Strengthen the Industry’s Voice with an Assistant Secretary for Community Banks:

  • Economic and banking policies have too often been made without the benefit of community bank input.
  • Creating an assistant secretary for community banks at the Treasury Department would ensure that the nearly 7,000 community banks across the country, including minority banks that lend in underserved markets, are given appropriate and balanced consideration in the policymaking process. 

Reform the CFPB To Ensure More Balanced Consumer Regulation:

  • Change the governance structure of the Consumer Financial Protection Bureau from a single director to a five-member commission and strengthen the Financial Stability Oversight Council’s review of CFPB rules by changing the vote required to veto a rule from two-thirds vote to a simple majority, excluding the CFPB director.
  • Commission governance would allow for a variety of views and expertise on issues before the CFPB, build in a system of checks and balances that would be absent under a single director, help ensure the actions of the CFPB are measured and non-partisan, and result in balanced, high- quality rules and effective consumer protection. 

Improve Accountability in Bank Exams with a Workable Appeals Process:

  • The trend toward oppressive, micromanaged regulatory exams is a concern to community bankers nationwide. ICBA’s Plan for Prosperity would create an independent body to receive, investigate and resolve material complaints from banks in a timely and confidential manner.
  • Holding examiners accountable and preventing retribution against banks that file complaints will help ensure balance in the examination process and free up community banks to lend in their communities.

Offer Relief from Accounting and Auditing Expenses for Publicly Traded Institutions:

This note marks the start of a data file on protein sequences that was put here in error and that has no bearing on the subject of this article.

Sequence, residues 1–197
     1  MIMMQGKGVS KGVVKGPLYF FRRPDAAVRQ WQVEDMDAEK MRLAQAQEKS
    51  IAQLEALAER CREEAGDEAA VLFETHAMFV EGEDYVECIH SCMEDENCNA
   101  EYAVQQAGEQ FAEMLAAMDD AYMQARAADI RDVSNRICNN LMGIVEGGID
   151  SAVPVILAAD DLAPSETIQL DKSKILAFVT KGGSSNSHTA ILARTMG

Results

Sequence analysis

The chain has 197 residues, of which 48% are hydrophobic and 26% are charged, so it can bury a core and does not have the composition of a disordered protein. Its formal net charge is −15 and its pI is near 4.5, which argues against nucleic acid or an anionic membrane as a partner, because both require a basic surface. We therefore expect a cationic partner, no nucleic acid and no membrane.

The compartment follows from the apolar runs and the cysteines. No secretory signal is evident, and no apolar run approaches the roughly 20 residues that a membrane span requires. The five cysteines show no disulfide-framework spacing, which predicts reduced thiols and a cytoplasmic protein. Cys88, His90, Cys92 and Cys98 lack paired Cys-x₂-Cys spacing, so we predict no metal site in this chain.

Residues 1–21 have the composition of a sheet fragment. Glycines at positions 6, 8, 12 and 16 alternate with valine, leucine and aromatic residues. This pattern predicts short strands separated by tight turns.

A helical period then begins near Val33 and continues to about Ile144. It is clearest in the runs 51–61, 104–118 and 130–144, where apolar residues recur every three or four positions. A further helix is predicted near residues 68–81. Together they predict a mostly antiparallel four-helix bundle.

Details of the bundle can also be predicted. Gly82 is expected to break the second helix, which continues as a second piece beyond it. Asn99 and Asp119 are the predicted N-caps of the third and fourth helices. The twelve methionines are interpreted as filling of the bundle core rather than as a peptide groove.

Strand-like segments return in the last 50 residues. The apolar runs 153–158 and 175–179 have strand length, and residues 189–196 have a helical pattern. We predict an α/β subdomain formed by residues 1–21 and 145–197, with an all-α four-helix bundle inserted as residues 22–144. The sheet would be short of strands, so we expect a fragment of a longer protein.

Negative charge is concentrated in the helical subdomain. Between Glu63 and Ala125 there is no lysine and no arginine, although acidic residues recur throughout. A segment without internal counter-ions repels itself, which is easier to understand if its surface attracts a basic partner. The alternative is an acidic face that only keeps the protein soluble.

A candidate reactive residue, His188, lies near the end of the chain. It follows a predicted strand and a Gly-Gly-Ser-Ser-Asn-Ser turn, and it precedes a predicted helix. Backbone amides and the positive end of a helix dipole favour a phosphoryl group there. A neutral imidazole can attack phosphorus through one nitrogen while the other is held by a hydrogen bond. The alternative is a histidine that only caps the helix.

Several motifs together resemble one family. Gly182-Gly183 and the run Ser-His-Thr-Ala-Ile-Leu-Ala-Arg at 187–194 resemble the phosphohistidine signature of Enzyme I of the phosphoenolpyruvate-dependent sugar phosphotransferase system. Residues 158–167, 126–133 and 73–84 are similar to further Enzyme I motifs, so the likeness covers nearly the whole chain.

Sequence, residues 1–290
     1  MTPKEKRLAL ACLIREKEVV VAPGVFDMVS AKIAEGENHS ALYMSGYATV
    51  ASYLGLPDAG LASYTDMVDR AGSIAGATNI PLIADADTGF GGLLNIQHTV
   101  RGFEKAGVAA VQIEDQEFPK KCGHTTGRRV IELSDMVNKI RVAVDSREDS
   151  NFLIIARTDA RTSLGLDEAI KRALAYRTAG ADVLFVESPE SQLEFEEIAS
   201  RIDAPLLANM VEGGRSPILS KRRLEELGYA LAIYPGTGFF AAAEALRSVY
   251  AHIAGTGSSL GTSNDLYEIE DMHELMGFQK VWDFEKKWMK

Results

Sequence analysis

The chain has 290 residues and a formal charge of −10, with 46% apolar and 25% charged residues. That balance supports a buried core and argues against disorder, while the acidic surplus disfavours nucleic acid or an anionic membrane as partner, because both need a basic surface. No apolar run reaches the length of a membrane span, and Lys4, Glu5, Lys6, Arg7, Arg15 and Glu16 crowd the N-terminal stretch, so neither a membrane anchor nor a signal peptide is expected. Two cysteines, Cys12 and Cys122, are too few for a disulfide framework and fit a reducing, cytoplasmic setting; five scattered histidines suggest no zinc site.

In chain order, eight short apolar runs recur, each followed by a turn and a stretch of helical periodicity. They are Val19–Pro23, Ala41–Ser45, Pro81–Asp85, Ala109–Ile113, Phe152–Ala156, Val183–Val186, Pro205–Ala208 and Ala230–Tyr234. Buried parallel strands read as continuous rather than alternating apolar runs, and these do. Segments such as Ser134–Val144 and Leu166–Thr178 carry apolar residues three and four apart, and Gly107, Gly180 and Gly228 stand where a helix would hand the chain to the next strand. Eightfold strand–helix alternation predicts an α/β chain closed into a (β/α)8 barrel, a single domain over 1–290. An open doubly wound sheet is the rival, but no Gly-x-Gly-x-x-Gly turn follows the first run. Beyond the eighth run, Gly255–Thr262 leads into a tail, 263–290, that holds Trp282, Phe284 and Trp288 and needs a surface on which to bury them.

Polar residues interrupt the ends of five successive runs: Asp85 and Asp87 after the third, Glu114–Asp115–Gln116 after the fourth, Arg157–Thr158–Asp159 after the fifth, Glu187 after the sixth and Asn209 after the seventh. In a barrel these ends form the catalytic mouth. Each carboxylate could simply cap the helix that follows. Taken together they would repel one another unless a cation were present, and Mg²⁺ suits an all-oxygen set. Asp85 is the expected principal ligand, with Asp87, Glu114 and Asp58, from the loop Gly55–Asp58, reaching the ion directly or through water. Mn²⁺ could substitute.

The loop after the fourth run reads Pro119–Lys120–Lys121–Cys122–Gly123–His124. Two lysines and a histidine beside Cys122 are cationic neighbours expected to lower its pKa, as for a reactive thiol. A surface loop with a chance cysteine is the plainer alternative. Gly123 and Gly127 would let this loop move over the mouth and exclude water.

• Increase from $75 million in market capitalization to $350 million the exemption from internal control attestation requirements. Because community bank internal control systems are monitored continually by bank examiners, they should not have to sustain the unnecessary annual expense of paying an outside audit firm for attestation work.
  • This provision will substantially lower the regulatory burden and expense for small, publicly traded community banks without creating more risk for investors.
  • Separately, due to an inadvertent oversight in the Jumpstart Our Business Startups Act, thrift holding companies cannot take advantage of the increased shareholder threshold for deregistering with the SEC. Congress should correct this oversight by allowing thrift holding companies to use the new 1,200 shareholder deregistration threshold.

Support Mutual Banks with New Charter and Dividend Rules:

  • Allow the Office of the Comptroller of the Currency to charter national mutual banks to provide flexibility for these institutions to choose the charter that best suits their needs and the communities they serve.
  • In addition, mutual holding companies that have public shareholders should be allowed to pay dividends to their public shareholders without having to comply with numerous “dividend waiver” restrictions as required under a recent Federal Reserve rule. The rule makes it difficult for mutual holding companies to attract investors to support their capital levels.